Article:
Engine wrote to the House Financial Services Committee today in support of Rep. Emmer's H.R. 2201, the Micro Offering Safe Harbor Act. Below is our full letter.
"Dear Chairman Hensarling and Ranking Member Waters:
On behalf of Engine and our community of startups, entrepreneurs, investors, and innovators, I write to express support for several bills scheduled for consideration before the House Committee on Financial Services tomorrow. Specifically, Engine reiterates its support for H.R. 2201, the “Micro Offering Safe Harbor Act,” which will facilitate capital access for promising startups.
Engine is a nonprofit and advocacy group that supports high-growth, high-tech startups through research, advocacy, and policy analysis. We work to foster and promote forward-looking government policies and a regulatory environment in which entrepreneurs can launch innovative, new companies that grow and thrive. Through conversations with diverse startups across the country, we know that capital access remains a top challenge in getting a business off the ground.
A large portion of startups rely on small, nonpublic offerings (also known as a “private placements”), such as a “friends and family” round, to raise seed capital. In fact, a 2014 survey by the Kauffman Foundation found that over 28 percent of startups raised some amount of funding from their personal network. However, the Securities Act does not clearly define what constitutes a public offering, or conversely, a nonpublic offering, making it easy for early stage companies to unintentionally run afoul of the law when doing a private placement.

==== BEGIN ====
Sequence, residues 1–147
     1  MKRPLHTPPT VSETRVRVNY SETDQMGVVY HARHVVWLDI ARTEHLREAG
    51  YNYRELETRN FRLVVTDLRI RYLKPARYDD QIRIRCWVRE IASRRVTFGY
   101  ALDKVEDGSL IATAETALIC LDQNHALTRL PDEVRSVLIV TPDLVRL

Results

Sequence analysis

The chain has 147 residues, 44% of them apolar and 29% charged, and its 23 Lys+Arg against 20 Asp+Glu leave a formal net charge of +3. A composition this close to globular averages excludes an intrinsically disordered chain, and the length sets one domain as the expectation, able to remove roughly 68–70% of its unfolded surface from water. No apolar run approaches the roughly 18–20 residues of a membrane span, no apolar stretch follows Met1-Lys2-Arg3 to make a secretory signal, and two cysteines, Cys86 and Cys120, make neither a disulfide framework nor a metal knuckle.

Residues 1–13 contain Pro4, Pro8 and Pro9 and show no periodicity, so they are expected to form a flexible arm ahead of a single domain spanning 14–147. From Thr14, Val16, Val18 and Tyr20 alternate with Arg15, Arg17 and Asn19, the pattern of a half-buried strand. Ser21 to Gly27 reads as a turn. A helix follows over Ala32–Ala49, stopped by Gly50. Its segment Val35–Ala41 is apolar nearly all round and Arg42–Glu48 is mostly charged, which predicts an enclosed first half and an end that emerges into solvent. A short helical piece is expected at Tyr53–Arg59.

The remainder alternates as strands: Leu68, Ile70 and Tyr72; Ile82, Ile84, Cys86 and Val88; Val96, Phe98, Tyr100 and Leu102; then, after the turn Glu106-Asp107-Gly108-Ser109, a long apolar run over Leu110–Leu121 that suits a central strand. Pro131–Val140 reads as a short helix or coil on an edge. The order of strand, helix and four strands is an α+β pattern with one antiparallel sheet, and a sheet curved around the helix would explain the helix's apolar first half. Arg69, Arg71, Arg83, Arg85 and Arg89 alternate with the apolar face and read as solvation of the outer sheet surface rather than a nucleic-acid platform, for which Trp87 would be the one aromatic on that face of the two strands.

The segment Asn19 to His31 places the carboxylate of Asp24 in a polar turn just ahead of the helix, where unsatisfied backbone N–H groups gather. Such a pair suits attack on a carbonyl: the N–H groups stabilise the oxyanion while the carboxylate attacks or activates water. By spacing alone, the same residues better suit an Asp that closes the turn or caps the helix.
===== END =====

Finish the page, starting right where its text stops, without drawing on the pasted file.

H.R. 2201 would create three bright line safe harbor exemptions for non-public offerings. Under the legislation, offerings would be exempt from registration with the Securities and Exchange Commission (SEC) if each purchaser has a substantive pre-existing relationship with the issuer, there are 35 or fewer purchasers, or the amount being raised does not exceed $500,000. These exemptions would bring much needed clarity for startups and ensure that a company doing a small, private placement is not forced to complete burdensome paperwork or spend precious resources on an expensive lawyer in order to comply with ambiguous regulatory requirements. Finally, H.R. 2201 would exempt these micro-offerings from state blue sky registration and qualification laws, decreasing the regulatory complexity for startups doing a small raise.
Engine appreciates the Committee’s consideration of this bill and its continued work on capital access issues for emerging firms. We look forward to further engagement with the bills’ sponsors and Committee members on these important issues."